Seriously, what % of GDP are we spending on AI risk? Even if you think that AI fears are overblown, this seems like a worthwhile investment.
In fact, even if there is only a 2% chance that AI will kill everyone in the next 200 years, it still seems worth it.
OK, you think that non-aligned super-intelligence will never happen, but are you 99%+ confident in that? A small chance of everyone dying is still a big problem.
If the best minds at OpenAI have been put to making sure ChatGPT won't say anything racist, and it's trivially easy to make it overrule this instruction and say something racist, how are we so sure we can prevent it from doing something malevolent?
In this discussion I’m always so amazed that people do not see how relative the g advantage is. We’re currently being served by a very highly educated ‘elite’ that generally has the highest iq in society. Still, reading newspapers (or studies!!) from only years ago show how stunningly many things they got utterly wrong and how few panned out as expected. They only reason they get away with it because all media makes these faulty predictions so nobody everybody is vulnerable. And it is not their fault, predicting the future is hard. Even a super AI will not get a lot better in forecasting the weather.
I think this delusion is fed that most of them never work in the reality. Try making even the simplest product and you find out that you can use your g to make the better trade offs but that any real world solution must fit in a constrained envelope. It is rarely the better solution that you can chose, it generally the least worse and often a value judgement. Even with infinite g, you cannot escape the envelope that nature puts around the solution space. The speed of light will not warp because you’re infinitely intelligent.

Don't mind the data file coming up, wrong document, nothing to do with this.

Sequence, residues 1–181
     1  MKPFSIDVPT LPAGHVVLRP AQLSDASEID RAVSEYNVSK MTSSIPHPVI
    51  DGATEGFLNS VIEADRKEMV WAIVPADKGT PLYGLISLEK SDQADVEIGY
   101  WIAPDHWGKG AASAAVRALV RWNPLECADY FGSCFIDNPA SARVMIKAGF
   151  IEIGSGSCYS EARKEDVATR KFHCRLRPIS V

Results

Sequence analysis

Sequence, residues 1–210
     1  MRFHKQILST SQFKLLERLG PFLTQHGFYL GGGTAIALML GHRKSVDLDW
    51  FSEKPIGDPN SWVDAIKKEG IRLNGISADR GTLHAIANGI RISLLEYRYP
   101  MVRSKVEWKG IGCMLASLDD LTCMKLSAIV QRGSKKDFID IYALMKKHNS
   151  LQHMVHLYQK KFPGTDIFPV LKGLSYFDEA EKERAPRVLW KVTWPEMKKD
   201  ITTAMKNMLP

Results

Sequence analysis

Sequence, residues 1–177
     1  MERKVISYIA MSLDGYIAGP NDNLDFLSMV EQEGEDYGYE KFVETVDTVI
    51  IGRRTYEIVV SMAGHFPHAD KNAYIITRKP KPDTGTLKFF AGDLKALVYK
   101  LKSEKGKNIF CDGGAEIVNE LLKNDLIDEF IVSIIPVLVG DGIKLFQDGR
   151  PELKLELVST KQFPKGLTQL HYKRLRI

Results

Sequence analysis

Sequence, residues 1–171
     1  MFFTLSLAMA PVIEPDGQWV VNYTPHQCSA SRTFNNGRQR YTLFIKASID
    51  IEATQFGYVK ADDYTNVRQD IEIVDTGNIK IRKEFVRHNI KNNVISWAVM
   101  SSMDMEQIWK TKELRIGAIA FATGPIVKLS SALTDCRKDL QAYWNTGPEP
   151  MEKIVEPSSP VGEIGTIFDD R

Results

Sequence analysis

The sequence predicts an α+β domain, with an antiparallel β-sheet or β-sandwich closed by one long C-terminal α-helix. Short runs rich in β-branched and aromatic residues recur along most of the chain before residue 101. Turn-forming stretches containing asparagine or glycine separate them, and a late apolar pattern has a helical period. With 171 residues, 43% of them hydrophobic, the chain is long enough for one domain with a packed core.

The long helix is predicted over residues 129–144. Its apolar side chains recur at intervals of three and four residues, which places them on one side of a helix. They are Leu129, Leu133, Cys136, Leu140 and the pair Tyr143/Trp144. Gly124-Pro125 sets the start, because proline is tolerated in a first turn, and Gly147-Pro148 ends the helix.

Musk recently had a tweet where he indicated that the idea and maybe prototype is simple, actually producing a real word product is hugely complex. Due to real world issues g is only mildly helpful.
University education teaches their students a virtual world where all races have the same average ability, where women are the same as men, we can swap body parts, and most interactions happens on computers. It teaches a virtual world that a select group wants the real world to be but that bears very little relation to the brutal real world.
Any AI will run into the real world’s constraints and its usefulness will be quickly diminished.
Re: the AI becoming a paperclip maximizer or otherwise evil this argument doesn't rest on dominance. The mistake is a bit different.
The argument is that being more intellegent means being more logically coherent and more able to pursue a goal more coherently across a wide variety of domains. I'm somewhat skeptical this is necessarily true of AI but let's go with it.